When book club nominated a book with a lighthouse on the cover, obviously I had to vote for it! The Lamplighters actually has two covers, both with lighthouses, but which give wildly different ideas of what the book is going to be like, so I was curious to see which one would prove more accurate.

A fifty-metre column of heroic Victorian engineering, the Maiden looms palely magnificent against the horizon, a stoic bastion of seafarers’ safety.

The Lamplighters, Emma Stonex

Like most of the lighthouse books on this blog, The Lamplighters is historical fiction, set when lighthouses were still manned rather than automatic, but it’s more recent than most, only going back to the 1970s. What also sets it apart is that it’s about a tower lighthouse, jutting directly out of the sea, where there isn’t space for keepers to bring their wives and families with them. Perhaps that was why it was difficult to keep the threads of the marriages straight. Arthur-and-Helen and Bill-and-Jenny merged into such a shapeless muddle that I had to make a note in my reading notebook which I referred back to every time there was a chapter from one of the wives’ perspectives.

Even after finishing The Lamplighters, it’s not entirely clear what happened in a couple of of the plots. Emma Stonex was clearly keeping information back from her readers, raising questions which you’d hope would be answered by the conclusion to the story. Except, several of them weren’t. Maybe it was intentional, because real life rarely offers neatly-wrapped solutions to every question, but in a novel billing itself as a mystery, it was more frustrating than thought-provoking.

The truth is that women are important to each other. More important than the men, and that isn’t what you’ll want to hear because this book, like all your others, is about the men, isn’t it? Men are interested in men.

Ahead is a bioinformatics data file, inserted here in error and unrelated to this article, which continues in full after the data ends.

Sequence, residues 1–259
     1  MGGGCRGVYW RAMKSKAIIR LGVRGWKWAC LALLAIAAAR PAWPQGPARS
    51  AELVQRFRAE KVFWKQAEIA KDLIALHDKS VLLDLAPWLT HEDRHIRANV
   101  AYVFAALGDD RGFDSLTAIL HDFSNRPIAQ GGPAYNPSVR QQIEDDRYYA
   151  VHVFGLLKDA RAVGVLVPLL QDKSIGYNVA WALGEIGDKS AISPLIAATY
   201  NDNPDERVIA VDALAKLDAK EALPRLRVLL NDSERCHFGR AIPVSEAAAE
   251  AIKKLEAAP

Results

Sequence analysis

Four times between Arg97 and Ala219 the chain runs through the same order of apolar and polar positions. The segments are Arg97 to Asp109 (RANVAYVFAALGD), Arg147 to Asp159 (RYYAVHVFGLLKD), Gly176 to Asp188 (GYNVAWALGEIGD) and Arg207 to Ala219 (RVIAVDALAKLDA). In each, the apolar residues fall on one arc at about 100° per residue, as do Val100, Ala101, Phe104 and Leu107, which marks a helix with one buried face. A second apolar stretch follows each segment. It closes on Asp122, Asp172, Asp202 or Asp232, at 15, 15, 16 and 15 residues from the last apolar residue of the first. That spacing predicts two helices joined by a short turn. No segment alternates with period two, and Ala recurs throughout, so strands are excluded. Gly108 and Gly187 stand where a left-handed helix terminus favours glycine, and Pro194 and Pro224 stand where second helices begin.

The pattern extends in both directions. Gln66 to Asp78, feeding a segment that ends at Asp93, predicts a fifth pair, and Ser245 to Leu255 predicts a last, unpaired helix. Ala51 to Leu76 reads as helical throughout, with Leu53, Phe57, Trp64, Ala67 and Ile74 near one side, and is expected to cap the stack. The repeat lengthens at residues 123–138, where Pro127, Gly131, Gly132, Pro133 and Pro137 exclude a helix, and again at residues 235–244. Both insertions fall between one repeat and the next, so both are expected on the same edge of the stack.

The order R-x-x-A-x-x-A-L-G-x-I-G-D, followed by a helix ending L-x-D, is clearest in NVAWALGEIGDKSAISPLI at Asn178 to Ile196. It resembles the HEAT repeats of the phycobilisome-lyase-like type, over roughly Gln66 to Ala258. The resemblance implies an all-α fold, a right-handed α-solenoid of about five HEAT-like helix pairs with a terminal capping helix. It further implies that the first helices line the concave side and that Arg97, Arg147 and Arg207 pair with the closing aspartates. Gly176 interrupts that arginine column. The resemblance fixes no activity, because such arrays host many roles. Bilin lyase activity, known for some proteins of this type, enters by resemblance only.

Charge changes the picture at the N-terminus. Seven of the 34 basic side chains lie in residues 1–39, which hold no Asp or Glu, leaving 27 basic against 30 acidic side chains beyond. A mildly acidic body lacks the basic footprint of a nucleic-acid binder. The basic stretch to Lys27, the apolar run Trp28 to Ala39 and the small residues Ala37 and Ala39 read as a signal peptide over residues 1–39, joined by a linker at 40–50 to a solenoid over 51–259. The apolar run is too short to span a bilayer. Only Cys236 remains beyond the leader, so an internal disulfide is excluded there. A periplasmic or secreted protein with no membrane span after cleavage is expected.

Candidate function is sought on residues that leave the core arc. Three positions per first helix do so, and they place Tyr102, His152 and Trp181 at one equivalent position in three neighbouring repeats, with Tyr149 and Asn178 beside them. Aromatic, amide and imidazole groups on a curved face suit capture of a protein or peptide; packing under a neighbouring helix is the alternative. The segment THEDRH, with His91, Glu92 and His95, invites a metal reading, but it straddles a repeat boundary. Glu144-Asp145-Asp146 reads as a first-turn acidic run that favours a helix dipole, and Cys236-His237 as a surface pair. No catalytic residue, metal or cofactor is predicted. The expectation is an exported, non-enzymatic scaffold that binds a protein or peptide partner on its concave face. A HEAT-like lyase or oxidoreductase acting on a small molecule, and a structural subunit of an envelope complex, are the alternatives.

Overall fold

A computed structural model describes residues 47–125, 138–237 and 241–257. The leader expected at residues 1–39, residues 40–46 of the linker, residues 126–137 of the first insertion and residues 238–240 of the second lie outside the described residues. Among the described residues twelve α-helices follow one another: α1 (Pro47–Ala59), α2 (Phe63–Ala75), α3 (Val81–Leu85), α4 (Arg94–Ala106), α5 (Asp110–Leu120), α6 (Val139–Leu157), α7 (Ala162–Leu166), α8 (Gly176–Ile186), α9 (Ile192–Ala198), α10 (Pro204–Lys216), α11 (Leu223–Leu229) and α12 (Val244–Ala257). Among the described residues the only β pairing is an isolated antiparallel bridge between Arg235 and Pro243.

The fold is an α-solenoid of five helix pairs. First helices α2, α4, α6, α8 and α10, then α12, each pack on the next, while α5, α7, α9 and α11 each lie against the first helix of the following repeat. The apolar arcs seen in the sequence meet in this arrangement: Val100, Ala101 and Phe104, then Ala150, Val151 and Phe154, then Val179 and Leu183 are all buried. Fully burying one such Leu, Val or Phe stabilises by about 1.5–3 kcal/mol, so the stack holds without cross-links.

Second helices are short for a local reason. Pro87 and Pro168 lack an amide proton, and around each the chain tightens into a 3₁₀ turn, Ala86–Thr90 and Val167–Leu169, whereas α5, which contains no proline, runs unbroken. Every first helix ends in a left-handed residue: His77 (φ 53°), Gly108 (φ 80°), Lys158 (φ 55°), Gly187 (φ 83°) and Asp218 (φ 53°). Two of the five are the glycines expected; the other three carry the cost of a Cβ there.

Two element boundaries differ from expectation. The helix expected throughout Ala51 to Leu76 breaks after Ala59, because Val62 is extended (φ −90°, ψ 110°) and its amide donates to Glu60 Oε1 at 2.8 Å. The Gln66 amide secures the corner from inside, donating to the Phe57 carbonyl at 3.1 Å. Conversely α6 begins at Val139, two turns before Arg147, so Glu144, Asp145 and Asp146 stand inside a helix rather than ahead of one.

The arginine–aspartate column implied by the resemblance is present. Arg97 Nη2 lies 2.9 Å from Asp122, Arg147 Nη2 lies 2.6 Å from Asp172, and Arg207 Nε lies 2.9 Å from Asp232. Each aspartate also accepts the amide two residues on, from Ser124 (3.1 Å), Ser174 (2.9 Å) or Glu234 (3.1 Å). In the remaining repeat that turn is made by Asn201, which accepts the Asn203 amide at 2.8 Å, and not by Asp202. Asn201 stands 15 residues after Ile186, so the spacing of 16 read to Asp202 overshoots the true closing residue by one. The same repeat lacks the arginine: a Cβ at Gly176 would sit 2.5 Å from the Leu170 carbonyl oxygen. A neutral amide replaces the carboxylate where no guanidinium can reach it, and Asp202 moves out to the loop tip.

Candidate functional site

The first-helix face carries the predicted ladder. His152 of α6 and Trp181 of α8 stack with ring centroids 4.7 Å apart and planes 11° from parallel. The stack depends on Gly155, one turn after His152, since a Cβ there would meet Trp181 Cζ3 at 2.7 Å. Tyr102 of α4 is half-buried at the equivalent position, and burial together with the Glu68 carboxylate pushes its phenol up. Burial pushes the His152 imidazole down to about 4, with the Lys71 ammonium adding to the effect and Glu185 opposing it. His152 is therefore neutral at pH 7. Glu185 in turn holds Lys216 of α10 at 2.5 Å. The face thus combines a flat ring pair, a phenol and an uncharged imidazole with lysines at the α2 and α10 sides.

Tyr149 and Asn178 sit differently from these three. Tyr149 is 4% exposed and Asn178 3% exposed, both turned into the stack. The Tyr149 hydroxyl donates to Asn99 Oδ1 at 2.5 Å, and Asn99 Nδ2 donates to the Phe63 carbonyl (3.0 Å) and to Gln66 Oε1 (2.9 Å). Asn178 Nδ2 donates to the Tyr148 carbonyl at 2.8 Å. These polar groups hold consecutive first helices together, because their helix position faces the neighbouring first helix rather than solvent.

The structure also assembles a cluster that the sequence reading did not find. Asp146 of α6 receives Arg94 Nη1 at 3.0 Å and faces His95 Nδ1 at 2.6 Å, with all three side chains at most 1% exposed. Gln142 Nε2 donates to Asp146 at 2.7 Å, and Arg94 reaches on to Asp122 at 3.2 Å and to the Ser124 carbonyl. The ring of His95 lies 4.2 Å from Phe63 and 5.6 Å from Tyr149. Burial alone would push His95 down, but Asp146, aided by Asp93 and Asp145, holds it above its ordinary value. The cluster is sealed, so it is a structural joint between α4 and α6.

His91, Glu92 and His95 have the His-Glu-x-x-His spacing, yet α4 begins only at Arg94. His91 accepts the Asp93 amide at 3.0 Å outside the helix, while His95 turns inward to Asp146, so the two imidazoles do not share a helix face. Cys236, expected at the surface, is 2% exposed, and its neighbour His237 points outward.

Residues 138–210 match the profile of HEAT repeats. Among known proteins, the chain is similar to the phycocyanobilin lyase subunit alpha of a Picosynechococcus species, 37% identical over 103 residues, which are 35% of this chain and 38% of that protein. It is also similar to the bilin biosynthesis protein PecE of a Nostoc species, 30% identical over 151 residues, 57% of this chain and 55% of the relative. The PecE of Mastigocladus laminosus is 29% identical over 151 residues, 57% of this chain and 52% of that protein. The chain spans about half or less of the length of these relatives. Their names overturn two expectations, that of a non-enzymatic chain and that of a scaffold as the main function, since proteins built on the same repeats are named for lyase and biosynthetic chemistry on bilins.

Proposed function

The Lamplighters, Emma Stonex

Those plots which did feel complete were enjoyable, particularly the stories of those left behind: Jenny, Helen and the novelist Dan Sharp. (Michelle, despite being the most distinct of the female characters, sadly got a bit abandoned.) Bill’s storyline could have been more effectively handled, because the bare bones of it were interesting.

There was certainly a lot going on in The Lamplighters, arguably too much because no single plot or detail really got the attention and weight that it deserved. Maybe a less complex structure would’ve delivered the story with more impact. While I’ll be keeping this for lighthouse reasons, I won’t necessarily be running out to buy more books by Emma Stonex, unless one catches my interest or comes highly recommended.

Rating: 2.5 out of 5.

Northanger Abbey by Jane Austen — Reread Review, Bookclub Too

Cover: bookshop.org

Despite taking a Jane Austen module at university, I was certain I hadn’t read Northanger Abbey. Imagine my surprise when I opened the book and found notes, in my own handwriting, all the way through! It’s never happened to me before that I have absolutely no memory of previously reading a book (though, I suppose the question is: how would I know? Spooky!). I can only assume that reading books for six modules, and reading several other Austens, Northanger Abbey didn’t have time to make much impression.

At length, however, having slipped one arm into her gown, her toilette seemed so nearly finished, that the impatience of her curiosity might safely be indulged.

Northanger Abbey, Jane Austen

Catherine Morland feels incredibly different from Jane Austen’s other heroines. She’s neither in total possession of herself like Elizabeth, Emma and Elinor nor giddily irresponsible like Marianne or Lydia. Instead, she’s guileless and a little socially awkward. Watching her thrown into Society in Bath will little in the way of helpful guidance from anyone on how to pick her friends and acquaintances was very relatable, despite the wealth of years since Jane Austen was writing.